The key to transitioning from reading young adult novels to reading classic novels lies in the plot. Many young adult novels are affiliated with the supernatural, be it vampires, werewolves, zombies, or magic. The common factor is an element of fantasy. Most teens dismiss classic literature as boring but what they might not know is that classic novels were catalysts for contemporary young adult novels. Examples include Dracula by, Bram Stoker and Frankenstein by, Mary Shelley. Dracula and Frankenstein are two of the oldest fantasy novels. Frankenstein is considered by some to be the first science-fiction novel and Dracula, of course, was the first novel to debut vampires. They are also two of the most famous classic novels– cult classics, even.
Dracula was written in 1897 and Frankenstein was written in 1818. Dracula is the story of a vampire who moves from England to Romania. Jonathan Harker is in charge of Dracula’s move but after spending time in his castle, he starts to suspect that Dracula is a vampire. Once he comes to this realization, he also realizes that he’s trapped in the castle and barely escapes with his life. He makes his way back home but little does he know that Dracula is now terrorizing his fiancee Mina and her friend Lucy by drinking their blood. Lucy begins to become very sick and Mina calls Dr. Van Helsing for help and he realizes what is happening to her but does not reveal it. Mina then becomes sick herself and it is then when Van Helsing and others try and put a stop to Dracula and they follow him back to Transylvania for a final battle.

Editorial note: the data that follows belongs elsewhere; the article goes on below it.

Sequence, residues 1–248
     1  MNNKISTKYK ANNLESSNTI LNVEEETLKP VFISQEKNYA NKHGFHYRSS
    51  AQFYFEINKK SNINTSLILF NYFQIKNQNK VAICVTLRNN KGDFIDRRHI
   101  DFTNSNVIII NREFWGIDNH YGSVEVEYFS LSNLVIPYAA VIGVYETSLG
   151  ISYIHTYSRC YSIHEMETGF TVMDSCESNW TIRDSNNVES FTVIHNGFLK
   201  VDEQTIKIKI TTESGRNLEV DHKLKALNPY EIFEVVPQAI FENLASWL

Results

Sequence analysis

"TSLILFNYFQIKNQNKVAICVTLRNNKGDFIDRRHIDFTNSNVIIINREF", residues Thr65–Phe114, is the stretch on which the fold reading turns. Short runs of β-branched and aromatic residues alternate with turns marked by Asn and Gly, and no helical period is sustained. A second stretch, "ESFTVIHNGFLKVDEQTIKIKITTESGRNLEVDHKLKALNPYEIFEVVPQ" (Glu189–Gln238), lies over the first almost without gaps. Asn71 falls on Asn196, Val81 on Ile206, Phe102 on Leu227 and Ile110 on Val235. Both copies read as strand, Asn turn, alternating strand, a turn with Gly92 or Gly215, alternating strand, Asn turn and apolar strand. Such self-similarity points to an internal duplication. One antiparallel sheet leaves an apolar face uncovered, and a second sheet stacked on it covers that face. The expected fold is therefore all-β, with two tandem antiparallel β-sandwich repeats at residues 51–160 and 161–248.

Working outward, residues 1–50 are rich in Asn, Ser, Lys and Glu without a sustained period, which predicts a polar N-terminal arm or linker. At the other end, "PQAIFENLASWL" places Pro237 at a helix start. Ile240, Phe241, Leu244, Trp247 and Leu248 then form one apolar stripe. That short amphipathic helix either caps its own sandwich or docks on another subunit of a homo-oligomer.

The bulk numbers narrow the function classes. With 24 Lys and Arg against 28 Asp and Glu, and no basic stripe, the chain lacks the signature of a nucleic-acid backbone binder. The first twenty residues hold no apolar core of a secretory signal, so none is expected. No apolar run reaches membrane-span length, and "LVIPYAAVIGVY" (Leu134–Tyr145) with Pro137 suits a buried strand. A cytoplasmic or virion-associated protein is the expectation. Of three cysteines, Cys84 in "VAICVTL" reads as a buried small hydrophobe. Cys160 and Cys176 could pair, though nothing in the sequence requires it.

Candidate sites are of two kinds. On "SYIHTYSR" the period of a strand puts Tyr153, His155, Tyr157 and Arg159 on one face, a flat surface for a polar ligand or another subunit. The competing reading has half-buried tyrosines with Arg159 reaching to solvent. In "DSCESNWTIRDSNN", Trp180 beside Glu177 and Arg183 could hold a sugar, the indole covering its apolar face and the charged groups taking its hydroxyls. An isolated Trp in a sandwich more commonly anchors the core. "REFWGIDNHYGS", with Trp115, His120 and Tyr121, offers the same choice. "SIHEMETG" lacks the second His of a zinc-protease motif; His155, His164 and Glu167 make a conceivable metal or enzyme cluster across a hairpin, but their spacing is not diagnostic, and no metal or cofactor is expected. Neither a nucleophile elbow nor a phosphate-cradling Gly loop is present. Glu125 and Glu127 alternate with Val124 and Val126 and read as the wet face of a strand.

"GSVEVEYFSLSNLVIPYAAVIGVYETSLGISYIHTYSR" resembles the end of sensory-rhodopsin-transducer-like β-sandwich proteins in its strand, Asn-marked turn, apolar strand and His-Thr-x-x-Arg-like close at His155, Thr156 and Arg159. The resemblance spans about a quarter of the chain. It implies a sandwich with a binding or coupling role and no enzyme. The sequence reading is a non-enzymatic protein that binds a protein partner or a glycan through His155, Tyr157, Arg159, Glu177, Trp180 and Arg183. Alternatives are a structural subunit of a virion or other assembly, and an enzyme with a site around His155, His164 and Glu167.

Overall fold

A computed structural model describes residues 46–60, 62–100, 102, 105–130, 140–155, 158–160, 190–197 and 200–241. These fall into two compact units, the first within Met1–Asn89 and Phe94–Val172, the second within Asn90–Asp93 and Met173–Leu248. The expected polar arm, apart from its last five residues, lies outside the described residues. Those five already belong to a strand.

Frankenstein is the story of a mad scientist named Victor Frankenstein who creates a creature. Frankenstein is commonly mistaken as the monster when in fact, Frankenstein is the creator of the monster. Victor has been passionate about science since he was a child and gets the idea of reanimation from watching lighting strike a tree. He reanimates a creature with expectations of beauty and is disappointed with how the creature turns out and rejects him, so the creature flees. Victor sees his creature again framed for his brother’s death. The creature explains his innocence and says that if Victor would make him a female companion, he would leave him alone forever. Victor agrees and makes him a companion but kills her out of fear of them breeding and creating a race. The creature sees Victor kill his companion-to-be and the two fight for the last time.
While it is true that classic novels start off slow, it is worth it to read them until the end. It is easier to ease into classic literature with novels that include aspects of what you’re already used to reading. The familiarity is essential in transitioning!
-Sarah B., 12th grade